Credit: Ross Williams
Georgia College Towns Brace For Return Of In-person Classes
Residents seeking fresh seafood or a Mai Tail are still coming out to Chef Tano Phommasith’s Little Hawaiian in Carrollton, but not in the numbers they were before the pandemic.
“We were averaging, before the pandemic, about roughly 2,200 customers a week, and closing on Sunday,” Phommasith said as lunchtime customers in this college town restaurant began to take their seats in an indoor dining room festooned with surf boards and other island decor.
“Now, we are averaging about 60% of what we were before the pandemic. Slowly, we are seeing a steady increase in sales and customer count. But I think we will never get back to where we were.”
As COVID-19 continues to keep many diners at home, Phommasith says he will have to cut expenses and learn to get by with fewer customers.
“Besides, I think there’s a lot of uncertainty,” he said. “We can focus on ourselves and our community.”
The University of West Georgia is a big part of that community. The campus is home to over 11,000 students, faculty and staff centered in Carrollton, which has a population of about 27,000 people.
The University System of Georgia’s 26 institutions are preparing for in-person classes in the fall, with some schools offering increased options for online classes or planning to end the semester early and conduct final exams online. These decisions will have a major impact on the local economies that rely on these usually bustling campuses.
Three of the state’s largest historically Black schools, Morehouse College, Spelman College and Clark Atlanta University, are planning to open virtually in the fall. Another major Atlanta private university, Emory University, will limit in-person instruction to first-year students and a small number of other courses.
When the University System of Georgia suspended in-person instruction in mid-March, business owners in college towns felt the pain, said Athens restaurateur Peter Dale.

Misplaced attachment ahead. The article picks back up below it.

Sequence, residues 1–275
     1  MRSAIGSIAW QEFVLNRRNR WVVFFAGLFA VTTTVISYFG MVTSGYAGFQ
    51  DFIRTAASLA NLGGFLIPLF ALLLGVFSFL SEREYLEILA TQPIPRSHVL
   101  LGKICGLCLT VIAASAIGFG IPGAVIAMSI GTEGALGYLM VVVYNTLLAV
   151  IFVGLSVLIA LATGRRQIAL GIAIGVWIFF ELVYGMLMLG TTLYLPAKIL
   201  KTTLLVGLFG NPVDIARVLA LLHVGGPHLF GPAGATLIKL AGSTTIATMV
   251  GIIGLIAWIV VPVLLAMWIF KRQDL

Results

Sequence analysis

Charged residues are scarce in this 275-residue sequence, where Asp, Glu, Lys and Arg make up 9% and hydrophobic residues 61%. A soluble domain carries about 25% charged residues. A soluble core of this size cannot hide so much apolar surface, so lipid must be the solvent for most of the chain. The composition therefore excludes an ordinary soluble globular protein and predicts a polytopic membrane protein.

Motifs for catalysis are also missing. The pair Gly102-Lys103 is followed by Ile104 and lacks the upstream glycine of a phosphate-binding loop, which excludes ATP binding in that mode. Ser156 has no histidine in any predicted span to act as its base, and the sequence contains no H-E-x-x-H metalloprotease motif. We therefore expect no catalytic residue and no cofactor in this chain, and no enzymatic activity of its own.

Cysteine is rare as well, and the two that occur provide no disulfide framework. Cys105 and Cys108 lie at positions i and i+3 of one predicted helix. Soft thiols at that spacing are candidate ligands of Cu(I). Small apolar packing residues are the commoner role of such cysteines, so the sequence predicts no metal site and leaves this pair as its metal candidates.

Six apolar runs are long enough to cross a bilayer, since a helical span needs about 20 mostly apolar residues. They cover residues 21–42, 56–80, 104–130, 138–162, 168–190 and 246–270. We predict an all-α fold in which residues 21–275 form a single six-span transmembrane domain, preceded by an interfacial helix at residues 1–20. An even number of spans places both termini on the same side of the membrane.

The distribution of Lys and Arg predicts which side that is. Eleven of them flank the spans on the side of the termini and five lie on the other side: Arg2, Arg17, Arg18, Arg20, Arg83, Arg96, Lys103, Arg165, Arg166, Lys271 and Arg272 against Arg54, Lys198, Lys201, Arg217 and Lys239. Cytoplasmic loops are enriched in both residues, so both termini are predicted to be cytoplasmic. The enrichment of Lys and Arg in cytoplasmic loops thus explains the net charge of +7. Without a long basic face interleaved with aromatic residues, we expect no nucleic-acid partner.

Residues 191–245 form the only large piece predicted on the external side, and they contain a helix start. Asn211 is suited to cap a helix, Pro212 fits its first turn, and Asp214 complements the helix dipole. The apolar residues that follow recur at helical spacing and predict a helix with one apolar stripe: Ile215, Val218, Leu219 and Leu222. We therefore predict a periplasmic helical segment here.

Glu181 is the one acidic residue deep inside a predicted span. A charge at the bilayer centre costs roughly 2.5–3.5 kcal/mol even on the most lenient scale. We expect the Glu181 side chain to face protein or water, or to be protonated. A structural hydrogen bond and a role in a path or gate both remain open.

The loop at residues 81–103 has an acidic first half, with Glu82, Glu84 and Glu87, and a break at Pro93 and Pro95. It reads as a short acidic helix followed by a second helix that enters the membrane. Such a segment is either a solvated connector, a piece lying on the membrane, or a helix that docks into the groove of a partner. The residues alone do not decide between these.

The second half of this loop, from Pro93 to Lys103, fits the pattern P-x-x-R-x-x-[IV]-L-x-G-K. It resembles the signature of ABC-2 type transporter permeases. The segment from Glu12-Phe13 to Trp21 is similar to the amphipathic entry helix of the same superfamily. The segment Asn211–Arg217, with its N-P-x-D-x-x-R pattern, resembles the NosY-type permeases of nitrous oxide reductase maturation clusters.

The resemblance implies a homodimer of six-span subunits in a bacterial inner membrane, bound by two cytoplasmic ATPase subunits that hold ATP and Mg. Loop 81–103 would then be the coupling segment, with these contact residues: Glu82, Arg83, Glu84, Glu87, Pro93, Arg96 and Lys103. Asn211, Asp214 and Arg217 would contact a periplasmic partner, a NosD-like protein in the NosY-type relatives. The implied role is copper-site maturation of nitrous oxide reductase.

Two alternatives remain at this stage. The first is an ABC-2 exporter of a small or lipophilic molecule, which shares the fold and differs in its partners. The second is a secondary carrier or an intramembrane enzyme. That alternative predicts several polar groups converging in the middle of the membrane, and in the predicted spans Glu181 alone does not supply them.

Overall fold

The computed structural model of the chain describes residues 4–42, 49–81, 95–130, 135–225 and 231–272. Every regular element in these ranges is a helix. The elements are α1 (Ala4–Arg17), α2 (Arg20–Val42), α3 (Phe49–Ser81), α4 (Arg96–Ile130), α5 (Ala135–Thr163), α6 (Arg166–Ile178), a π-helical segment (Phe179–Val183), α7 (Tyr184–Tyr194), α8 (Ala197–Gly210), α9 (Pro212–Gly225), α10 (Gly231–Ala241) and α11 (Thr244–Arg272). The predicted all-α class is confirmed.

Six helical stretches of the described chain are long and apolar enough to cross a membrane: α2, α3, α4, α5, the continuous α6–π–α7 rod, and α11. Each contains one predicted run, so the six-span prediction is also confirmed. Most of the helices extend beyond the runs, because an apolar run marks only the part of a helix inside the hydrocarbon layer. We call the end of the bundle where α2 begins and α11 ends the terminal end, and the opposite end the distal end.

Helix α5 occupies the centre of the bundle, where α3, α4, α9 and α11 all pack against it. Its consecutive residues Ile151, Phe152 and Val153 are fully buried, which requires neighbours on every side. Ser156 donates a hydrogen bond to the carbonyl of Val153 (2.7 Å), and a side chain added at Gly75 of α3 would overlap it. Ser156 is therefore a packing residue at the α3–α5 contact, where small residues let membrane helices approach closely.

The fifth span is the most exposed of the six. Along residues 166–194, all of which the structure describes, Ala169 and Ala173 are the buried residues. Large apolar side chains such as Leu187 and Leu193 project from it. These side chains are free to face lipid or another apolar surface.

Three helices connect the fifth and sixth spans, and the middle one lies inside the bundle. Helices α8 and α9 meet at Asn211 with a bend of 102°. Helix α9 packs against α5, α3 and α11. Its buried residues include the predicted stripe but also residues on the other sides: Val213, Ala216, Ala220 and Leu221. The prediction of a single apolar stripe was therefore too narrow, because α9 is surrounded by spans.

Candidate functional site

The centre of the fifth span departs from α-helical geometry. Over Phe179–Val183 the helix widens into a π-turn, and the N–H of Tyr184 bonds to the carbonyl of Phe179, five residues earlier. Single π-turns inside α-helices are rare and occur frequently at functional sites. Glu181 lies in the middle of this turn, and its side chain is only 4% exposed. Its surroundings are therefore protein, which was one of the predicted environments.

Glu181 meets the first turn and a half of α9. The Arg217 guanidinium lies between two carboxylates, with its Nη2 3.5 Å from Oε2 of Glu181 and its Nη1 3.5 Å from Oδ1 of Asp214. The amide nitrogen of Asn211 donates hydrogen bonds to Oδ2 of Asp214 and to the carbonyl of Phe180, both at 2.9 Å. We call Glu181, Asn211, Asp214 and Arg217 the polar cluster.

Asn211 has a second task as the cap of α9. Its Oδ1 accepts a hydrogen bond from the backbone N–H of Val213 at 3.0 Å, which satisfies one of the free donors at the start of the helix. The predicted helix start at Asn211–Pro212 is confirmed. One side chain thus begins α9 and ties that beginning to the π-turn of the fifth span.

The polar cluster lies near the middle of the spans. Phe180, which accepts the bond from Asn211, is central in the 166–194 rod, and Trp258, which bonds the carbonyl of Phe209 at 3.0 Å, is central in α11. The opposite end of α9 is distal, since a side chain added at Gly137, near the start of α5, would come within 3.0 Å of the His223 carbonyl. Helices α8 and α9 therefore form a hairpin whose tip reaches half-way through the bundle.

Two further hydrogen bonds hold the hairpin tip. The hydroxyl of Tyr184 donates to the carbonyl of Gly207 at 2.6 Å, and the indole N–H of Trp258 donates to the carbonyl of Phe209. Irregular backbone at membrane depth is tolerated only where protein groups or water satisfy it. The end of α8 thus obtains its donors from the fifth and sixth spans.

Dale, whose restaurants include The National, Seabear, Maepole and Condor Chocolates, looked on as nearly 40,000 University of Georgia undergraduate and graduate students and 10,000 faculty and staff abruptly stopped dining out. Worse yet were the cancellations of big events like graduation and orientation.
“In the spring, we missed graduation, which is our biggest week of the year,” Dale said. “There’s more than just one day, it’s a whole week of activity while the different schools and colleges have their own ceremonies and events, all the spring parties and parents’ weekend, so it’s not necessarily just the student traffic, but it’s all the stuff that surrounds the students.”
About 40% of Phommasith’s employees have left. Little Hawaiian is taking extra precautions to keep workers who don’t feel well away from work, but that often means short staffs.
“I would say the struggle for us is every day somebody is calling out,” he said. “They’re scared, and it might be legit, they don’t feel good. And it’s very sensitive right now. If somebody doesn’t feel 100%, they worry, they get scared into thinking they might have the virus, so I understand. But it is tough on us as the owner and the management team to cope with that on a daily basis.”
Phommasith said he wants to hire more people, but nobody is applying. Dale, who is focusing on take-out, is facing the opposite problem: He’s not doing enough business to bring workers back.
“We don’t have our full staff back, and I’ll be honest, I don’t know that there’s a scenario in the next year where we will need to have as many people on our staff as we did before March,” Dale said.
“With all the different things that we did between lunch service, dinner service, catering, we had a pretty big staff, and we have about half of them working right now. I don’t know that we will be 100% anytime soon.”
But as restaurants suffer, some other businesses in Georgia’s college towns are reporting increased sales over last year, including Athens boutique Community.
Owner Sanni Baumgartner closed in mid-March, just before colleges moved online, and she recently reopened for limited in-person business. Two things kept Community going, Baumgartner said: the rapid roll-out of an online store and the decision to create and sell fashionable face masks.